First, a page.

Neri (2020) noted that many Filipinos experienced unemployment and a reduction in their usual earnings. Businesses big and small were heavily affected by the prolonged lockdowns that led many to close down or operate at reduced capacity. There was also a significant reduction in consumption demand due to massive unemployment and income loss.

According to Abrigo et al. (2020) , the manufacturing sector and wholesale and retail trade are projected to suffer severely from the impacts of the COVID-19 pandemic. To mitigate the adverse effects on the economy, they suggested that the government limit the disruptions of economic activities. Furthermore, the national government must implement massive safety net programs to ensure that each household has access to food and other basic necessities. The government must also revitalize economic activities without endangering public safety and ensure that supply chains remain operational.

Moreover, Bangsal et al. (2020) recommended that the government intensify livelihood and credit programs for micro, small, and medium enterprises. They also underscored the impact of the pandemic on overseas Filipino workers (OFWs), many of whom were displaced and forced to return home with minimal to no savings to sustain their families.

Roldan (2020) noted that long-term solutions are needed to address the livelihood; healthcare, psychological support, and counseling; and legal assistance needs of displaced OFWs. She recommended setting up a dedicated hotline for OFWs; access to health insurance and educational assistance for their children; and reintegration support with well-coordinated initiatives from national agencies, migrant organizations, and local government units.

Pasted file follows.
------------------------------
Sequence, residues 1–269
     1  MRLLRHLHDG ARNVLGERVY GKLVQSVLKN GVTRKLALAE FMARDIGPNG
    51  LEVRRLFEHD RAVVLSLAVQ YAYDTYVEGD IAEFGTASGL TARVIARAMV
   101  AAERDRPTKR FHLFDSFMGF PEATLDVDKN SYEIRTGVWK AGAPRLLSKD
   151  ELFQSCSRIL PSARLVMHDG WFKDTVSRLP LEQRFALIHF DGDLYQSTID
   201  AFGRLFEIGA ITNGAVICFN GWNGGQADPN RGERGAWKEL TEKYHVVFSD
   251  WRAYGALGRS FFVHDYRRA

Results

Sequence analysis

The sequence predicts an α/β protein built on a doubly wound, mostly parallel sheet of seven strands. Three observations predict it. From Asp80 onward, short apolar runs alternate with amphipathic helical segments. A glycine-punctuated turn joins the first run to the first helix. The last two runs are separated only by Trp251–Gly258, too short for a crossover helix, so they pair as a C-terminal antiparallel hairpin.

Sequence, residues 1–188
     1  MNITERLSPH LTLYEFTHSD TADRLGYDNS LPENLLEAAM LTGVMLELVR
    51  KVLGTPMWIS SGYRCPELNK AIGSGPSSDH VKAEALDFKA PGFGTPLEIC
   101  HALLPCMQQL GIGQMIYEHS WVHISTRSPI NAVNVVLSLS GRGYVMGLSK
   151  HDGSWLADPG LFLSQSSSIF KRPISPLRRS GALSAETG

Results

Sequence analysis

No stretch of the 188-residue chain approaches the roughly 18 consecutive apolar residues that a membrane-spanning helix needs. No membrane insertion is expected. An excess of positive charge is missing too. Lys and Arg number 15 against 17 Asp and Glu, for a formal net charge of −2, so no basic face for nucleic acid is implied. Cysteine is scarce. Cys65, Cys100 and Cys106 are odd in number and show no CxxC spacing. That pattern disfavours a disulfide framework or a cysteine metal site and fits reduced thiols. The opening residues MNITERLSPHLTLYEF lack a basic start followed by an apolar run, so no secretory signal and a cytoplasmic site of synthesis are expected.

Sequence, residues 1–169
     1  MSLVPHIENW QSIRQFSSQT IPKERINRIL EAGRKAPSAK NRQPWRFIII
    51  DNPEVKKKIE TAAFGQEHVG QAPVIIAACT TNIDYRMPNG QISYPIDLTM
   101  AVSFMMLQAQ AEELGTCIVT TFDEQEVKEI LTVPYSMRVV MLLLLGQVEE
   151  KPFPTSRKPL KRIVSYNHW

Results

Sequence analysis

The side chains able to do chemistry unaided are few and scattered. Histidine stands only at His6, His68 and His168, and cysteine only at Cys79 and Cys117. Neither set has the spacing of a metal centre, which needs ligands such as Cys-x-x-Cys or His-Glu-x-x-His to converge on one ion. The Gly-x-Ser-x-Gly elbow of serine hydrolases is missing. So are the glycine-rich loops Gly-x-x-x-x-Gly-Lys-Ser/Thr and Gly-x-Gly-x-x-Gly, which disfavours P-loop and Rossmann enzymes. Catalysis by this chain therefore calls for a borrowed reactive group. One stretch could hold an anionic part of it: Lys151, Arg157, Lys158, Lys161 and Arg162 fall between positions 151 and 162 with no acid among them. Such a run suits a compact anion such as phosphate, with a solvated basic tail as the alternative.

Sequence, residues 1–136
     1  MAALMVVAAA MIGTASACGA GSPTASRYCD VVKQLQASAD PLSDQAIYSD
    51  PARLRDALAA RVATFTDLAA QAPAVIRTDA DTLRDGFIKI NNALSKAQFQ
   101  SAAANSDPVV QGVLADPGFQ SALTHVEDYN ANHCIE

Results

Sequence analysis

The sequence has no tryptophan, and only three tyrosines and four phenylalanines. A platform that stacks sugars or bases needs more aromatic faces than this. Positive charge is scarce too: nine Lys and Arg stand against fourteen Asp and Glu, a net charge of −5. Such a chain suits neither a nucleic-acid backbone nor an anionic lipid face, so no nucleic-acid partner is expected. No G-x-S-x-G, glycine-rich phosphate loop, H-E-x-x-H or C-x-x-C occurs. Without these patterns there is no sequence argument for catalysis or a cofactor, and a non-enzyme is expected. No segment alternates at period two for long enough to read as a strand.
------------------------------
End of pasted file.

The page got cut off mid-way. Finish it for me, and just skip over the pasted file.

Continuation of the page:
The Socioeconomic Research Portal for the Philippines (SERP-P) has a wealth of resources on employment in the Philippines in the context of education and the COVID-19 pandemic. Below are some of them:

For more studies, simply type “labor”, “employment”, and other related keywords in the Search box of the SERP-P website.





PIDS EPM 2019-2020  Innovating Governance: Building Resilience against the COVID-19 Pandemic and Other Risks
RPS 2021-05  The 4th Philippine Graduate Tracer Study: Examining Higher Education as a Pathway to Employment, Citizenship, and Life Satisfaction from the Learner's Perspective
RPS 2019-04  Senior High School and the Labor Market: Perspectives of Grade 12 Students and Human Resource Officers
DP 2020-40  On the Employability of the Senior High School Graduates: Evidence from the Labor Force Survey
CSP-55  Economic Triple Shock: Assessment and Remedial Measures
DP 2020-15  Projected Disease Transmission, Health System Requirements, and Macroeconomic Impacts of the Coronavirus Disease 2019 (COVID-19) in the Philippines
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PB 2020-05  Reintegrating Overseas Filipino Workers Amidst the COVID-19 Pandemic